+1

United States. Directed by Dennis Iliadis, 2013. Starring Rhys Wakefield, Ashley Hinshaw, Logan Miller. 96 minutes.

Angad’s parents are out of town for the weekend, and you know what that means: party of the century! And he’s pulled out all the stops for this one. Booze, music, dancing, strippers, a sushi girl, the works. This one’s gonna be epic.

Too bad David (Rhys Wakefield) probably won’t enjoy it. His longtime girlfriend Jill (Ashley Hinshaw) broke up with him, after finding him kissing her rival for the collegiate fencing championship. He’s taking it pretty hard, but best friend Teddy (Logan Miller) is insistent that he at least try to have some fun. And when he sees Jill at the party, he realizes he might–might–have a shot at a second chance.

That’s always assuming David survives the night. Angad promised surprises galore, but there’s one surprise nobody could have expected…or planned.

Logan witnesses the first oddity: a drug dealer shot dead in the driveway, by his own exact duplicate. Teddy scores with the girl of his dreams…and as she steps into the shower, her doppelgänger walks through the bedroom door.

There’s two of everybody at this party, and the doubles seem to be living through the same events as the originals, only a few minutes later. Who are they? Where did they come from? And do they have sinister plans in mind?

“What would do me head in is…does he think the same way, look the same way…how would I know which one I was?”

—Karl Pilkington, when asked about how he would respond to meeting his own doppelgänger

The good news is that you can’t fault +1 director/co-writer Dennis Iliadis and co-writer Bill Gullo for falling prey to the usual doppelgänger/bodysnatcher clichés. The bad news is that there are so many other things to fault them for.

Let’s start with the positive. It’s easy to go into the movie expecting a mash-up of The Faculty with Can’t Hardly Wait, but the evil twins of +1 aren’t evil. They’re not alien invaders or mystical shapeshifters. They’re exact copies of the characters, with the same motivations and backstories. They only differ from the “originals” because different things happen to them in the present.

At this point, I originally planned to write “they’re just as confused and scared as the originals” but that’s not strictly true. If anything, they’re more confused and scared. They must cope, not only with the fear that comes from seeing their doubles, but also with the occasional instances of “missing time” (from their point of view) as their timeline comes closer and closer to syncing up with the original.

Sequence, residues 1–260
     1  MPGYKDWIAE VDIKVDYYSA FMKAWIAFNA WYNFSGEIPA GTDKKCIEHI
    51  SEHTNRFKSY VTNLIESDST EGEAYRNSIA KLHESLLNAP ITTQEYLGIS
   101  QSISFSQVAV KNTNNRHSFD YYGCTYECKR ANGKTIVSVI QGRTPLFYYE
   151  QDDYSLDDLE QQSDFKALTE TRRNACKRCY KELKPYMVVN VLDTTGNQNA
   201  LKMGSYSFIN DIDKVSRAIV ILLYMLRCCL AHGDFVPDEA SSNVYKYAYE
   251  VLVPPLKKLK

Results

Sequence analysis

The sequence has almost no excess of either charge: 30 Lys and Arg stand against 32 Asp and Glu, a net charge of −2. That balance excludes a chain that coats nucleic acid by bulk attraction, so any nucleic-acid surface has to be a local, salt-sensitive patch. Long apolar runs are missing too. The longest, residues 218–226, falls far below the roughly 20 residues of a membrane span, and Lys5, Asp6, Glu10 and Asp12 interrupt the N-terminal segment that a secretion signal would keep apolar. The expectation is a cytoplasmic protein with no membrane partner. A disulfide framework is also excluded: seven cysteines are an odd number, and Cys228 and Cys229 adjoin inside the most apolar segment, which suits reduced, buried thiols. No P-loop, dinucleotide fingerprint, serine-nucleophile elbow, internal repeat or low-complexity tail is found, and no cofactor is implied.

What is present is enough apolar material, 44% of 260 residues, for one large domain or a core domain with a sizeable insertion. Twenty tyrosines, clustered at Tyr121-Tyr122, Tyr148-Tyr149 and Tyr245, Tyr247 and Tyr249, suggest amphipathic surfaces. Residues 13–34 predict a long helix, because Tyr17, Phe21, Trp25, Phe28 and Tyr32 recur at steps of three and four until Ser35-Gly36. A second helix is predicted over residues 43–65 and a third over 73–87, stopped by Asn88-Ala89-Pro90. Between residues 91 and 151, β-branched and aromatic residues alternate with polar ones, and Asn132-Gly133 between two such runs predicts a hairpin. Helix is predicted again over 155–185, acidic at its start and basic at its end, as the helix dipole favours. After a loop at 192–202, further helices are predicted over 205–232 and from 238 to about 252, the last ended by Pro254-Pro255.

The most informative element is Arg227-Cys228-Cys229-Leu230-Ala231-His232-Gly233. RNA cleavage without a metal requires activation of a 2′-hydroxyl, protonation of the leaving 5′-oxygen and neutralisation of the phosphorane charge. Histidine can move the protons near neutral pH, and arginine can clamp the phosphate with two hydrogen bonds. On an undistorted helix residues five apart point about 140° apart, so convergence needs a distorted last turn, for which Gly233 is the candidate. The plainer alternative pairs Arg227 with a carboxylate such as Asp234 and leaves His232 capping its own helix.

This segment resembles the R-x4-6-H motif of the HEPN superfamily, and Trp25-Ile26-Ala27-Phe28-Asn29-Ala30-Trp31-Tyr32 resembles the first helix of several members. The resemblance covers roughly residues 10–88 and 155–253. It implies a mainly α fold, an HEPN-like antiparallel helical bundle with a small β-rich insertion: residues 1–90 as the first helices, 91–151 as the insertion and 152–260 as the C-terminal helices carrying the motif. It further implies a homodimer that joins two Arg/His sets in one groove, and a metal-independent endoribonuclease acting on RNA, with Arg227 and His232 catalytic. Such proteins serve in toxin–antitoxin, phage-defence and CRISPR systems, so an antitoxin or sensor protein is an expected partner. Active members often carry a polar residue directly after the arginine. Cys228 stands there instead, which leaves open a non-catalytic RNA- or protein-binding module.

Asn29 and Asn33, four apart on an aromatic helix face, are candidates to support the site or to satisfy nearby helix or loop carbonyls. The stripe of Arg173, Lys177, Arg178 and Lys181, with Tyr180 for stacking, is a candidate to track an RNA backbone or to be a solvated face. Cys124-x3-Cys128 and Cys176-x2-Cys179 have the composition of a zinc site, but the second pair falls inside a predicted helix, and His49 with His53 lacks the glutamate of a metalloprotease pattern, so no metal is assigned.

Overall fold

Knowing there’s an alien monster wearing your face isn’t what scares the characters. What scares them–both groups of them–is not knowing who the others are or why, and not realizing that the two groups are exactly alike.

This is easily the most fascinating aspect of the film and what separates it from most “teen scream” flicks out there. Iliadis and Gullo are as interested in exploring the philosophical ramifications of their premise as they are with delivering T&A and violence to the audience. Their film often feels like a lost Twilight Zone premise: “The Monsters Are Due at Angad’s House.”

The premise almost, but not quite, covers a few severe problems with the story. The party is the same party we’ve seen in a thousand times in a thousand teen movies. There’s more nudity, but that’s about the only difference. The characters are severely underdeveloped, and everything you need to know about most of the main characters can be summed up in a few words. David is a nice guy who blew it and wants to redeem himself. Teddy wants to get laid. Alison is unpopular and doesn’t even want to be there. Melanie is the target of lust. The one exception is Jill, who’s a bit more complex than the others, but sadly the script seems to see her more as a MacGuffin than as a character the audience might identify with.

It’s a credit to the cast–Wakefield, Miller, and the adorable Hinshaw, plus twins Suzanne and Colleen Dengel as Alison (you’ll have to watch the movie to realize why) and Natalie Hall as Melanie–that they can bring these characters to life, because the filmmakers don’t have much interest in investing them with much personality.

Character underdevelopment hits several subplots very hard, and exposes the streak of misogyny that underlies David’s quest to reconcile with Jill. The kiss that breaks the camel’s back is a more complex situation than she sees, but he never speaks up about it (not that we see). She has a lot to say about his personality flaws, but the audience rarely experiences them for itself, and sympathy for one character for another becomes a matter of “he said, she said.” I couldn’t shake the feeling that the filmmakers meant me to think that Jill was being unreasonable, and David’s journey of understanding rang distinctly false to me.

The subplot culminates in something I found personally horrifying but which the film seems to present as a happy ending. I don’t want to spoil it too much here, but the film probably doesn’t benefit from my having watched it so soon after the Isla Vista murders and the ensuing discussion about misogyny in the media. The resolution of this plot went a long way towards ruining my experience of the film.

Ultimately, +1 is a bitter disappointment. It’s a project with a germ of originality, a lot of potential and a few thought-provoking moments, overshadowed by teen-comedy tropes and a severely mishandled subplot.

+1 poster

 

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